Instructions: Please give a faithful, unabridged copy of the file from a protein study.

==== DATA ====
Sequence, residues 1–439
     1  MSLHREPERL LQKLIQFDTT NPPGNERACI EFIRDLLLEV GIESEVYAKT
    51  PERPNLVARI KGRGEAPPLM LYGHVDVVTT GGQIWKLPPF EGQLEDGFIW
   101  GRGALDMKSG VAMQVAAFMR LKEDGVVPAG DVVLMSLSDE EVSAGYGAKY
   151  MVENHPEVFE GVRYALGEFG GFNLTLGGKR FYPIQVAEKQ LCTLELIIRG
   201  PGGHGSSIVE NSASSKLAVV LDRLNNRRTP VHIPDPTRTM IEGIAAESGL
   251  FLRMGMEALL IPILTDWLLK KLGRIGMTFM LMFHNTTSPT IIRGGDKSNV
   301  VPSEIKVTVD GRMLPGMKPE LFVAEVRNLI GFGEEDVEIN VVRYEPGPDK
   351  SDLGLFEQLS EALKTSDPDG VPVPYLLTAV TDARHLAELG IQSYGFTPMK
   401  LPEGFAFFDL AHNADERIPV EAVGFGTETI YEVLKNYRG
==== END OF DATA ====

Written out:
Sequence, residues 1–439
     1  MSLHREPERL LQKLIQFDTT NPPGNERACI EFIRDLLLEV GIESEVYAKT
    51  PERPNLVARI KGRGEAPPLM LYGHVDVVTT GGQIWKLPPF EGQLEDGFIW
   101  GRGALDMKSG VAMQVAAFMR LKEDGVVPAG DVVLMSLSDE EVSAGYGAKY
   151  MVENHPEVFE GVRYALGEFG GFNLTLGGKR FYPIQVAEKQ LCTLELIIRG
   201  PGGHGSSIVE NSASSKLAVV LDRLNNRRTP VHIPDPTRTM IEGIAAESGL
   251  FLRMGMEALL IPILTDWLLK KLGRIGMTFM LMFHNTTSPT IIRGGDKSNV
   301  VPSEIKVTVD GRMLPGMKPE LFVAEVRNLI GFGEEDVEIN VVRYEPGPDK
   351  SDLGLFEQLS EALKTSDPDG VPVPYLLTAV TDARHLAELG IQSYGFTPMK
   401  LPEGFAFFDL AHNADERIPV EAVGFGTETI YEVLKNYRG